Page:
Saturday, 16 January 2021

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Climate change cannot be fought without legislation

UN Photo/Logan Abassi

27 February 2014 - Heads of key UN-institutions, senior national legislators from 50 different countries and the World Bank Group have received the results of an analysis on the depth and reach of national climate change laws in 66 different countries around the world.

The study covers the countries which are responsible for 88 % of the global climate emissions, and found a series of politically important things which might have a direct effect on the success of the international negotiations, which will take place in Paris in 2015, at the 21st session of the Conference of Parties to the UNFCCC. The legislators will consider how national laws can be recognized within the climate agreement, which is expected to be agreed upon at this session.

The climate study shows that 64 of the 66 countries have progressed or are progressing significant climate and/or energy-related legislation. Even though the legislation in the countries is very different, the countries are mostly experiencing improved energy security, greater resource-efficiency and cleaner, lower carbon economic growth.

It is still not enough to avoid the climate change we are facing, but it is, however, putting in place the mechanisms to measure, report and verify emissions, a pre-requisite for a credible global climate treaty.

Responding to the Study, the Global Legislators Organisation is launching a major new international initiative, The Partnership for Climate Legislation, supported by the United Nations and the World Bank Group.  The Partnership will help national legislators to develop and implement climate change laws. It will work across the 66 nations covered by the Study by sharing best legislative practice, provide detailed policy, analytical and legal capacity to cross party groups of legislators as they develop their own laws.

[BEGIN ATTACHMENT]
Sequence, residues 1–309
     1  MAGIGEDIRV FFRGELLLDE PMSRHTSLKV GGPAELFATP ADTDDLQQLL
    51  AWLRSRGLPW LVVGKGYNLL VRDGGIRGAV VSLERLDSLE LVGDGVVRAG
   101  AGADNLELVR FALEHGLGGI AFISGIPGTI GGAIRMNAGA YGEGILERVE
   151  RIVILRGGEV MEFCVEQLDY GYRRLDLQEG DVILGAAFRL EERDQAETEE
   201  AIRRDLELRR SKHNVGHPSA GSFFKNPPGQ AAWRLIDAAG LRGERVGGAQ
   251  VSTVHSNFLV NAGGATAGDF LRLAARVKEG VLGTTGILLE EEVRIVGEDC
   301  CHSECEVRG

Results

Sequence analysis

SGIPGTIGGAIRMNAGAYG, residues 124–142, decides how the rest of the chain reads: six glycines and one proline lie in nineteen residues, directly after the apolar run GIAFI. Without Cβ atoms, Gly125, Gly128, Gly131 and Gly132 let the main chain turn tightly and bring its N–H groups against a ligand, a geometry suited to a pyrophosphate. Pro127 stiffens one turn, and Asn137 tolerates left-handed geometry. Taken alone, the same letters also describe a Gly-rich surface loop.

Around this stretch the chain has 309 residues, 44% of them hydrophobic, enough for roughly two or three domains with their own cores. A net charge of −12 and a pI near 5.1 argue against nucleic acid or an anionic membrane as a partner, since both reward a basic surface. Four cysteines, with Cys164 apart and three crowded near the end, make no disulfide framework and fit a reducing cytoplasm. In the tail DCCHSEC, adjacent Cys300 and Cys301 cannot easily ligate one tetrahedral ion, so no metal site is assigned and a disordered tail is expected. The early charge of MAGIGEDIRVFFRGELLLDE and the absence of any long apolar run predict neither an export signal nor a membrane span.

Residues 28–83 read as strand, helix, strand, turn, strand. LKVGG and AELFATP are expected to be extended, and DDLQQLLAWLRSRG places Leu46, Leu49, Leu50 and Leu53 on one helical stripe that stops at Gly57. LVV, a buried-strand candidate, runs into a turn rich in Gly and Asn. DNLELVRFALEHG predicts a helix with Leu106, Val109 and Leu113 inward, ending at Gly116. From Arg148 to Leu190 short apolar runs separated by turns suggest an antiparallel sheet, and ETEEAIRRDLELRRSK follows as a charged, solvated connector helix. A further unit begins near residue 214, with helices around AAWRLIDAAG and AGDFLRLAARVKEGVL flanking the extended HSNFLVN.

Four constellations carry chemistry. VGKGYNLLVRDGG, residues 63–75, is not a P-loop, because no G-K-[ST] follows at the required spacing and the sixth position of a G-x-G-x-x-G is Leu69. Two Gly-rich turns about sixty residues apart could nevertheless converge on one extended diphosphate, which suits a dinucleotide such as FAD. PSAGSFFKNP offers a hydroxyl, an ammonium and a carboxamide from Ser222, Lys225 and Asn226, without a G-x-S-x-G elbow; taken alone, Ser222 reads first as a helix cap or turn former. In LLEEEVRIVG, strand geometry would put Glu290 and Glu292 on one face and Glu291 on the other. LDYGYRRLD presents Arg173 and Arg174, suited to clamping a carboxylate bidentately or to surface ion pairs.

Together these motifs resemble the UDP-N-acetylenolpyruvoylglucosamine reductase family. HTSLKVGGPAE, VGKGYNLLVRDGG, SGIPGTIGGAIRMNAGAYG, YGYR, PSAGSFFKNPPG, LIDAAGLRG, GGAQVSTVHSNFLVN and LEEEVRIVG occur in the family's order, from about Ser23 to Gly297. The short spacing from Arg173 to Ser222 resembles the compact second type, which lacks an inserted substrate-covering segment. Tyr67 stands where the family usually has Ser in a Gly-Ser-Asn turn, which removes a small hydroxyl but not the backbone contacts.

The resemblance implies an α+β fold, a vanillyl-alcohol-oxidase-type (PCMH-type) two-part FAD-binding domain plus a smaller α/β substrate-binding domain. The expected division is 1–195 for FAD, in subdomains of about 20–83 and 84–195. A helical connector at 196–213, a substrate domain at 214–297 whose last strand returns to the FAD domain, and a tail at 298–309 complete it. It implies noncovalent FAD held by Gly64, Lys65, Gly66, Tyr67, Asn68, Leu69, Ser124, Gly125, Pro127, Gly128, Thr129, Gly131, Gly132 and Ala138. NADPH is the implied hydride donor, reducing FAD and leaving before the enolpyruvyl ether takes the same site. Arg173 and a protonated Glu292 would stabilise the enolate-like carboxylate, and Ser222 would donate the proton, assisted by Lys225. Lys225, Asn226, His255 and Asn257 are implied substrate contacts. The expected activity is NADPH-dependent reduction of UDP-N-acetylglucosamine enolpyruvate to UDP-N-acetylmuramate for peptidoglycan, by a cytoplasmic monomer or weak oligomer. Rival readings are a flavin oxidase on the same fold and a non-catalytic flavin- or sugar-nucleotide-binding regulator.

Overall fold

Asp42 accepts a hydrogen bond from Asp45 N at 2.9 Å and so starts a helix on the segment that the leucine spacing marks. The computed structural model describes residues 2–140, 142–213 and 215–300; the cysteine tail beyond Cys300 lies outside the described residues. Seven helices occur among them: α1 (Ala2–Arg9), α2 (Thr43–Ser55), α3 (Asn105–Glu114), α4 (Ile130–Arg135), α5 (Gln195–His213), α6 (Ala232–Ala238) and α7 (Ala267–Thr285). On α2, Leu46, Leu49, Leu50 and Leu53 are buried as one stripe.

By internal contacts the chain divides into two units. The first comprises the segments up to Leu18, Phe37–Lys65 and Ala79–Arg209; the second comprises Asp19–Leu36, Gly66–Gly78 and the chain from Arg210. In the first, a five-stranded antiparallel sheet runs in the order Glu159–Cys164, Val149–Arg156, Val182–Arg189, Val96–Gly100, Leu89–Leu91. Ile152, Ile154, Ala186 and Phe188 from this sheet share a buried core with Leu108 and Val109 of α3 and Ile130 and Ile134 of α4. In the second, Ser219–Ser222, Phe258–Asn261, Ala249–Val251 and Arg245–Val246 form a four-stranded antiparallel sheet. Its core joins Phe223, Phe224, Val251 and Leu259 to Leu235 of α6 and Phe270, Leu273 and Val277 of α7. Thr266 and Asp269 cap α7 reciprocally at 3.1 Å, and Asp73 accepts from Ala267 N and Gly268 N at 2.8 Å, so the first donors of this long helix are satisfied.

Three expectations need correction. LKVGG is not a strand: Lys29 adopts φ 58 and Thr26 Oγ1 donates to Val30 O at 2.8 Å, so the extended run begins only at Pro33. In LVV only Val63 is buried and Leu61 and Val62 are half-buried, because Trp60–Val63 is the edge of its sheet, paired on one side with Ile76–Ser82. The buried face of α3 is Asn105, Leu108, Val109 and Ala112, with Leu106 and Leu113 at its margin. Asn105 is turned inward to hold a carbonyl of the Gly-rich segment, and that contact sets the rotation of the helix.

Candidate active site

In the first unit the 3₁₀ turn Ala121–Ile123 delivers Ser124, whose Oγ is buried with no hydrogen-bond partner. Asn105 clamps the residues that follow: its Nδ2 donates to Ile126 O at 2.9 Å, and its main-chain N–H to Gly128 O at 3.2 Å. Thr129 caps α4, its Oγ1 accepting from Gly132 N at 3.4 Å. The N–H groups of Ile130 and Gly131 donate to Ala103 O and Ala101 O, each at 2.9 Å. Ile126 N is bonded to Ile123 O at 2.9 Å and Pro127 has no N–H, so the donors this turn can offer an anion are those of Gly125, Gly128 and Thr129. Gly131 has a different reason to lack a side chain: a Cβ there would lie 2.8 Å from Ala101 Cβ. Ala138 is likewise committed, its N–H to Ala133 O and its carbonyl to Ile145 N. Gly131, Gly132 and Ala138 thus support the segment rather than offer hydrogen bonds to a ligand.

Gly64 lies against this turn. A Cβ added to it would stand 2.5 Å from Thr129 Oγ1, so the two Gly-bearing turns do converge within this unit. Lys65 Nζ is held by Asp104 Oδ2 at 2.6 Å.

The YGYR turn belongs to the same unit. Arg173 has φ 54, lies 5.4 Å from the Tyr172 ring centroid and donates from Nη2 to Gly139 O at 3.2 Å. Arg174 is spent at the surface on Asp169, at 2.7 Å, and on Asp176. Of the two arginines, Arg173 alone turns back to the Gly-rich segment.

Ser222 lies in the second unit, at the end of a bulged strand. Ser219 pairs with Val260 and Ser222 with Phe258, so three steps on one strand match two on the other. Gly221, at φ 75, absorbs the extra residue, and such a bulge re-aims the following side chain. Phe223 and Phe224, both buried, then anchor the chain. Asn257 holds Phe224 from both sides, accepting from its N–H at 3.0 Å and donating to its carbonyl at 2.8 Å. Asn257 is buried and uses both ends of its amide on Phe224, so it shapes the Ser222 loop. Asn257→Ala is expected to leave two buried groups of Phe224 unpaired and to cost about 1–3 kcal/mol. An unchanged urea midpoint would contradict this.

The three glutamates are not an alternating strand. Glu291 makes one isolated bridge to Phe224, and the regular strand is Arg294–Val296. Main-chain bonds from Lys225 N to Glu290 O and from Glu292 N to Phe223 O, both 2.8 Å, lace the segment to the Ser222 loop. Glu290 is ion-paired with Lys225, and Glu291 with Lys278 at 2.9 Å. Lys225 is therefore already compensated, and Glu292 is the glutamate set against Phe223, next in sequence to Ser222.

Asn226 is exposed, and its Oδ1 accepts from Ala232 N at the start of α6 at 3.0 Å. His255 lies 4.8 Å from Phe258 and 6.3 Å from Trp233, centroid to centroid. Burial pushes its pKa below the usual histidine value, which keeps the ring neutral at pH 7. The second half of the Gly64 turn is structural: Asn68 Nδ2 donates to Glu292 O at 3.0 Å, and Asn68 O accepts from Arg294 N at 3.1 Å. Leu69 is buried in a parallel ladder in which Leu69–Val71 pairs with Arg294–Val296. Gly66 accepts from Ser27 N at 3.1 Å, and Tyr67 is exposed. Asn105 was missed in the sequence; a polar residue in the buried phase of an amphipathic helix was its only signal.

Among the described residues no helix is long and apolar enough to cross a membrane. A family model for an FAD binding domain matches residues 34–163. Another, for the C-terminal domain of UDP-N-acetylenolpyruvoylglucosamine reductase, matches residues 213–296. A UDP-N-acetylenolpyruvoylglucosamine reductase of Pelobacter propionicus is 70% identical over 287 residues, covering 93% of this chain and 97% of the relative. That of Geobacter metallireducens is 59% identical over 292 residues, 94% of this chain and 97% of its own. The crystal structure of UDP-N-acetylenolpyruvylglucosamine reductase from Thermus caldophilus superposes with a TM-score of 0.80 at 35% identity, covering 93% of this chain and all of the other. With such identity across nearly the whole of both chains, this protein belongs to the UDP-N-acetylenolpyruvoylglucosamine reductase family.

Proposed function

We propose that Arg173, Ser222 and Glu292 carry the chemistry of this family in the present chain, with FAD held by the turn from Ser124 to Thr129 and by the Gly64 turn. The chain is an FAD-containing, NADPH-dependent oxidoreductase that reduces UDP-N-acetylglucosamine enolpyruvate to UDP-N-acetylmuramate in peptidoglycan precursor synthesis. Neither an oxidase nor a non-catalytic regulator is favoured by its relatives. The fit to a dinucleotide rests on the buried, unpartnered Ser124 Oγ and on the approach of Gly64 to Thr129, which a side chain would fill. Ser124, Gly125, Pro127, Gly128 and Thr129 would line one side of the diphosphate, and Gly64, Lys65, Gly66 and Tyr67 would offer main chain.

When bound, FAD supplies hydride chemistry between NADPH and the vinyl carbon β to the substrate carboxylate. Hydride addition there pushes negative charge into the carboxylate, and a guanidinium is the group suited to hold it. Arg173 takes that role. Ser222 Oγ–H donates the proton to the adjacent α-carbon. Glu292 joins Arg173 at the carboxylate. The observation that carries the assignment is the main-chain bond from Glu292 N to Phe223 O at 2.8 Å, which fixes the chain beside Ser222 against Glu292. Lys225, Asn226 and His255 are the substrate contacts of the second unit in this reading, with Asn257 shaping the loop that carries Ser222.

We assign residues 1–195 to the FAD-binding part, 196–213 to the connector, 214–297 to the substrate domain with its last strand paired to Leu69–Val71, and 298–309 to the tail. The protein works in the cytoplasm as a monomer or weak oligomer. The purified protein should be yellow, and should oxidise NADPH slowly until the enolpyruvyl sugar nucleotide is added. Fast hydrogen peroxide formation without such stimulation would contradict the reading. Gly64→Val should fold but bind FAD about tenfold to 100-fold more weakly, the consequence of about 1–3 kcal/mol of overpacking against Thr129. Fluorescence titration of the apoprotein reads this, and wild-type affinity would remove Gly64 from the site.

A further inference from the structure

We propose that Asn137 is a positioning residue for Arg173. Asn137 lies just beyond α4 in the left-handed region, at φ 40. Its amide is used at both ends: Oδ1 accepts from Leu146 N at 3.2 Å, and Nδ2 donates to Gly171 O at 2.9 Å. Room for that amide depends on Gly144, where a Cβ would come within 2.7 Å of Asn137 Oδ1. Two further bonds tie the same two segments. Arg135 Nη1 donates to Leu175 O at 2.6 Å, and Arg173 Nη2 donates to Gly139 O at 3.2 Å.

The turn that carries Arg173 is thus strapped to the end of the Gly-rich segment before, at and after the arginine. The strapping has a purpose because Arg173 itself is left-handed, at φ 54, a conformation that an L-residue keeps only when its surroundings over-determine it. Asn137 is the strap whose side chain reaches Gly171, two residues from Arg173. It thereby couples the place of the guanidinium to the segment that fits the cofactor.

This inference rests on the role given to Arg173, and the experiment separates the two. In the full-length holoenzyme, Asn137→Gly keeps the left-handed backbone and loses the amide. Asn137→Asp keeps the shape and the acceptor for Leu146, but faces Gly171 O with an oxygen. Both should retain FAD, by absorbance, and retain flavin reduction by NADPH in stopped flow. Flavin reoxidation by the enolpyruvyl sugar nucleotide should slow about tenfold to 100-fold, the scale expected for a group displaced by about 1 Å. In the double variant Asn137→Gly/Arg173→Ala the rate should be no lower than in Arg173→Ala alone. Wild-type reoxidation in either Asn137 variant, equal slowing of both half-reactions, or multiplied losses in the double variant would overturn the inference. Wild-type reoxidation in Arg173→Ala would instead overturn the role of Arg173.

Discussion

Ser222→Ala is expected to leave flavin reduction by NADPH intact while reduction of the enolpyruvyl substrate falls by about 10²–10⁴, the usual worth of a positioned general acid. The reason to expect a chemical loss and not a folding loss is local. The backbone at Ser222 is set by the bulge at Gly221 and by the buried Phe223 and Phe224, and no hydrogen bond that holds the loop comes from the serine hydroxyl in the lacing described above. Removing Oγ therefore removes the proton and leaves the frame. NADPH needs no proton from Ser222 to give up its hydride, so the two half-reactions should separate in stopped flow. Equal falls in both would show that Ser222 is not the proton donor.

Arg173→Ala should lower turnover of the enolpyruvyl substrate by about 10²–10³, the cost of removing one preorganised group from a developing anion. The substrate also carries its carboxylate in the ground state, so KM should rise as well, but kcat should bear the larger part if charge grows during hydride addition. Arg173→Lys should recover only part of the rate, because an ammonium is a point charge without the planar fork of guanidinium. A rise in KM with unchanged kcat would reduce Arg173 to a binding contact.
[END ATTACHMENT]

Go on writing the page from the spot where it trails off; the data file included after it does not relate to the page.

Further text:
Executive Secretary of the United Nations Framework on Climate Change (UNFCCC), Christiana Figueres said: "It is no exaggeration to say that the clean revolution we need is being carried forward by legislation. Domestic legislation is critical because it is the linchpin between action on the ground and the international agreement. At the national level, it is clear that when countries enact clean energy policies, investment follows. At the international level, it is equally clear that domestic legislation opens the political space for international agreements and facilitates overall ambition".

UNRIC's related links:

UNRIC's library backgrounder on Climate Change:
Special envoys on Climate Change:
Development can not ignore Climate Change:
The invisible Climate refugees:
"No green growth without gender equality":

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